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Govt urged to increase funding for disease prevention programmes

By Ronald Musoke

Rather than channeling more than half of the health budget into curative and rehabilitative health programmes, health experts have urged the government to increase its budget allocation for preventive health if Uganda’s disease burden is to be controlled.

The experts were engaging hundreds of health journalists from across Uganda at the start of a three-day Health Journalism conference which began on Feb.13 in Kampala.

Dr. Margaret Mungherera, the president of both the Uganda and World Medical Associations particularly noted that although Uganda’s population was rapidly increasing, the national budgetary allocation for the health sector, mainly sanitation, has not increased over the last five years.

“We cannot talk about prevention being better than cure when we are doing nothing to show,” she said.

While talking about the wave of zoonotic epidemics (Ebola, Jiggers and Marburg) that have been ravaging Uganda in recent years, Mungherera noted that in order to control them, there is need to appreciate the fact that diseases are best prevented at animal level and therefore increasing budgetary allocation to disease prevention and control in animals could go a long way in reducing Uganda’s overall disease burden.

She for instance argued that whereas treatment of rabies needs five injections valued at US $2 each, vaccinating a dog costs ten times less.

Dr. Sam Okuonzi, the MP for Vurra County in Arua District explained that at the moment Uganda is suffering from a double disease burden where infectious diseases or diseases of poverty (cholera, diarrhoea, malaria, HIV/AIDS) are not only still ravaging the majority of the population but also there is a rapid increase of non-communicable diseases—diseases which used to be associated with affluence (Diabetes, Hyper tension, Cardio-Vascular disease, Kidney disease, Cancers).

Okuonzi noted that the reason as to why non-communicable diseases are on the rise is that there are no deliberate efforts from the government to educate them about their lifestyle.

For instance, he said, there is urgent need to educate people about the reckless consumption of animal fat which is the leading cause of heart attack; uncontrolled consumption of salt and sugar especially for people above 35.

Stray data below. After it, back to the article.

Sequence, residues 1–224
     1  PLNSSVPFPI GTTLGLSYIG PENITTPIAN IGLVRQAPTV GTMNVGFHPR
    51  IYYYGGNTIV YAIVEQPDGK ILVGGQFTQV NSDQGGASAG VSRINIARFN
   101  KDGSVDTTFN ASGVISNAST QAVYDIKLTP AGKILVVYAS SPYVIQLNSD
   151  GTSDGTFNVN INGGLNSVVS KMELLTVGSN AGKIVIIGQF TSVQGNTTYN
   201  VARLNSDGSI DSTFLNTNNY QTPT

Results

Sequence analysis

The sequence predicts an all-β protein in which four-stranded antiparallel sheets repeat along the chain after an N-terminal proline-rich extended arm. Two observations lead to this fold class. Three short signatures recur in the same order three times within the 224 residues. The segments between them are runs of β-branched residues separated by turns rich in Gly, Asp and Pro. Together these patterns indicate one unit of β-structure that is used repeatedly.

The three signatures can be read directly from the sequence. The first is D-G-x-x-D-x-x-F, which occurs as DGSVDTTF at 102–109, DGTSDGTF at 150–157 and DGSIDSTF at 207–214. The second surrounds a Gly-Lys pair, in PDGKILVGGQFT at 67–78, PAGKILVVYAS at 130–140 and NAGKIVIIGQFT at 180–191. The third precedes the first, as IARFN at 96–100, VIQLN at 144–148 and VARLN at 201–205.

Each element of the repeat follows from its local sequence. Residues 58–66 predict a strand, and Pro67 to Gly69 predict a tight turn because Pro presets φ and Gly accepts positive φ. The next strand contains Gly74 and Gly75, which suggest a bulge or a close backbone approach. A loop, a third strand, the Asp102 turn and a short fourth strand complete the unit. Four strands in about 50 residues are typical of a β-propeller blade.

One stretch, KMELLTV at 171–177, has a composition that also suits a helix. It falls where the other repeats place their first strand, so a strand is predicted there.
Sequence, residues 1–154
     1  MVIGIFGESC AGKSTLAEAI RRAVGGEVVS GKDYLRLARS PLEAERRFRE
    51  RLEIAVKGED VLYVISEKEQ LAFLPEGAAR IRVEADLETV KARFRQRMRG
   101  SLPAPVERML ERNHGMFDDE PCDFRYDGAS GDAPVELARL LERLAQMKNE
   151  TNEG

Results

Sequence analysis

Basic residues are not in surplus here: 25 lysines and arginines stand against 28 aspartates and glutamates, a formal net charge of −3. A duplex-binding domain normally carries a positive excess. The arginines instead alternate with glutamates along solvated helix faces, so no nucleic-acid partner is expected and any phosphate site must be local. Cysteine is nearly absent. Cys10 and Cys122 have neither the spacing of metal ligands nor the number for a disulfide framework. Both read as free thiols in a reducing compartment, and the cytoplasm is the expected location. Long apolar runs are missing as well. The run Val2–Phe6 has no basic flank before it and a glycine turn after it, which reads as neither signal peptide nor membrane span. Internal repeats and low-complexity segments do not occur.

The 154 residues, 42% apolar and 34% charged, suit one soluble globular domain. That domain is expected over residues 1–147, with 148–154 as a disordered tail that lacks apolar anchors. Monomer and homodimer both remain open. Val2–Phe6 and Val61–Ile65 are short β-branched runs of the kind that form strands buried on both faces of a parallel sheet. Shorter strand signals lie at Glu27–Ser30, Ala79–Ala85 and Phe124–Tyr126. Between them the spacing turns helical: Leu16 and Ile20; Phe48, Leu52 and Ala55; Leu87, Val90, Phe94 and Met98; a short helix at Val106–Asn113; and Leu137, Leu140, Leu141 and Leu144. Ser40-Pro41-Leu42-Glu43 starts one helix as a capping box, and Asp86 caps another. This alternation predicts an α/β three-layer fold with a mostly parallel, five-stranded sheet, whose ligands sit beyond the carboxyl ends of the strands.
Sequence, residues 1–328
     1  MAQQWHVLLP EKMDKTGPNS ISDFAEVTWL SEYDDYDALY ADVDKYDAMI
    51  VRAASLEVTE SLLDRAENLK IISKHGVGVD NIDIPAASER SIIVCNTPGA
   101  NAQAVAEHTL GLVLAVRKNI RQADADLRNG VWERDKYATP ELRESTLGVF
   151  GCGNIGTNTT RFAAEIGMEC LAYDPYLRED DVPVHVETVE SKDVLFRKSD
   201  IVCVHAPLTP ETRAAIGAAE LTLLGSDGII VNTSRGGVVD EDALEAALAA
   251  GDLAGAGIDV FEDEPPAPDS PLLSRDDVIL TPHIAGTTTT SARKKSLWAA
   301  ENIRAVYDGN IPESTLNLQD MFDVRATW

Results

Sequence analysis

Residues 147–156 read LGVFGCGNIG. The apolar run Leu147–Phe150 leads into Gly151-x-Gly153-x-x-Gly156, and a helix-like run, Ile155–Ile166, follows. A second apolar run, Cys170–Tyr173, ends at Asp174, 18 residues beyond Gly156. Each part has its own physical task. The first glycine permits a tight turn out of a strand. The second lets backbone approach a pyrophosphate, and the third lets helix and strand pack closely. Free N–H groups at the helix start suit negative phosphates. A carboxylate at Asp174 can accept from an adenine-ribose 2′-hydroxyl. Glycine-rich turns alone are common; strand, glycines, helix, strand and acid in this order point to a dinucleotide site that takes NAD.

However, Dr Lawrence Kagwa, the former executive director of Mulago National Referral Hospital urged Ugandans to take full responsibility for their health before blaming the government for everything.

“Health starts from our homes, and then into schools, workplaces and the community. It is an individual responsibility and therefore the notion that the government is not doing this or that is wrong,” Dr. Kagwa said.

He noted that although the government is willing to fund the health sector, it has many competing priorities and therefore individuals should own up and take full responsibility for their health.

By individual Ugandans doing this (taking responsibility), the disease burden in the country would reduce by over 70%, Kagwa argued.

Dr. Chris Baryomunsi, the MP for Kinkizi East in Kanungu District said the rise in incidence of communicable diseases is due to the fact that the environment is deteriorating at a faster rate. In addition, he said, people’s diet and nutrition have changed while there have been rapid improvement in technology.

All the speakers agreed that although funding to the health ministry is still inadequate, proper utilization of the little resources must be adhered to.

Baryomunsi added that the health ministry’s inspecting function at household and community level which used to be strong in the 1960’s through the 1980’s must be re-awakened.

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